In the U.S. context, meritocracy is in deep tension with our democratic and egalitarian commitment. Yet in America, the word is always a compliment. Bureaucracy is always negative. Meritocracy is positive. It’s in the first line of Goldman Sachs’ recruiting brochure: “Goldman Sachs is a meritocracy.” This model has a lot more costs than we recognize.
The argument my book makes is about the social model of the meritocracy, and that its ethos and principles and also the set of institutions that have been constructed to produce it — which is to say, an elite that is drawn from all of society but is funneled in this intense process down to the most talented and driven — is a system that’s breaking down. And that’s what’s producing a lot of the elite dysfunction, declining social mobility, rising inequality, and increasing social distance between the people who have power to make big decisions and the people whom those decisions affect.
Ultimately, we’ve reached this point in which meritocracy contains the seeds of its own destruction. In telling ourselves that we can neatly distinguish between equality of opportunity on the one hand and equality of outcome on the other, we’ve created a system with vast inequalities of outcomes. And those have then gone about reliably, relentlessly subverting the mechanisms of producing anything that looks like equality of opportunity.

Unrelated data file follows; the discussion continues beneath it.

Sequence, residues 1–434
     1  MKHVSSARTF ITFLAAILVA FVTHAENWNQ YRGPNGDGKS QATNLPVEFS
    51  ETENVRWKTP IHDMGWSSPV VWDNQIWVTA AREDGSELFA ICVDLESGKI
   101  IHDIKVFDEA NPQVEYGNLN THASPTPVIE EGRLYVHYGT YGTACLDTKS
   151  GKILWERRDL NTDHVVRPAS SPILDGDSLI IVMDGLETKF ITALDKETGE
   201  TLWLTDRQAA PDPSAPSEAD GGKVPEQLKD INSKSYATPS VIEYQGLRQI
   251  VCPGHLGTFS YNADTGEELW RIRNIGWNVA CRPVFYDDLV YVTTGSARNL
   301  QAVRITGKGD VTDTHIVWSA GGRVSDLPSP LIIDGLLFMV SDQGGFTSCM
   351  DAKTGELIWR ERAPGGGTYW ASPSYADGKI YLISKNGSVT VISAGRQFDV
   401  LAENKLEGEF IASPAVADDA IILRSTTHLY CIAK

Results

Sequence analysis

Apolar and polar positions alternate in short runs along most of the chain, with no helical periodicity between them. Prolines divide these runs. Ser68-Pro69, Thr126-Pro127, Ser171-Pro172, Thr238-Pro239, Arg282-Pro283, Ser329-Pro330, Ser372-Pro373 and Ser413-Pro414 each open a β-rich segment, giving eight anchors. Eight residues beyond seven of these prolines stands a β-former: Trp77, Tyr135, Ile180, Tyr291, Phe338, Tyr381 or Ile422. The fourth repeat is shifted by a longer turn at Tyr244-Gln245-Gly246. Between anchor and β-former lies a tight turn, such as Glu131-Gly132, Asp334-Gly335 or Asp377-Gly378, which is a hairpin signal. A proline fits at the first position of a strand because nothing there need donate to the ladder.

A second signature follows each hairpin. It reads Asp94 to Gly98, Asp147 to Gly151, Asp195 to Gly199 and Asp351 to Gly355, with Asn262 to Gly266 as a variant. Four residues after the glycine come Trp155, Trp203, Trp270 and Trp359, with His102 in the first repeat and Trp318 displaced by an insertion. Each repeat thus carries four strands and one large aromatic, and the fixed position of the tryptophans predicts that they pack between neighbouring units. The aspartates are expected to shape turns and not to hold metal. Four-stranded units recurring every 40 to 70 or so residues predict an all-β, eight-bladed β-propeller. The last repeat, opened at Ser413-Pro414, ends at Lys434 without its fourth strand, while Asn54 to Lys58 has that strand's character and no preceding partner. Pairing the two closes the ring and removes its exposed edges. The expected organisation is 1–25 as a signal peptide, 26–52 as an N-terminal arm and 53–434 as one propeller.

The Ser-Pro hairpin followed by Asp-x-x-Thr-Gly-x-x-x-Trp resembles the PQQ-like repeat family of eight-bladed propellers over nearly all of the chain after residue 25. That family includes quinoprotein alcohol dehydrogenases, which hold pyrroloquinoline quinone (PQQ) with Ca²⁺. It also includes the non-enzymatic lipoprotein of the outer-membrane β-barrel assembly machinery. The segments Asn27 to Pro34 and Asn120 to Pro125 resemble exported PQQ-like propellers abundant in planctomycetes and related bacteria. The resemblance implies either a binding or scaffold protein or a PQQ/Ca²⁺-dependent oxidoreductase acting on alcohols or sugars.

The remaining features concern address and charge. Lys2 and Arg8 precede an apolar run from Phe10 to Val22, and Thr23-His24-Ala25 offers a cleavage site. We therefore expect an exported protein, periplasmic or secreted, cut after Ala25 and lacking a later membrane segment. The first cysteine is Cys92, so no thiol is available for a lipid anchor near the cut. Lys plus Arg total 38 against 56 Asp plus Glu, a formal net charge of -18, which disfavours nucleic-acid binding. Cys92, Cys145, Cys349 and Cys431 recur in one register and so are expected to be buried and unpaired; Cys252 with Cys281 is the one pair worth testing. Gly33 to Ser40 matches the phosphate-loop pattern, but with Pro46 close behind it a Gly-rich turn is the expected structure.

On the “crisis of authority”
The effect of the bankrupting of institutional authority in some senses is really good — because people shouldn’t trust that which is untrustworthy. But it presents big challenges when you think about climate. What would it take to produce the level of social consensus necessary to produce the scale of change necessary? And is producing that necessary level of social consensus possible in our epistemic environment? — to use a slightly annoying word. (I’ve become very self-conscious about my vocabulary. Teased over it relentlessly.)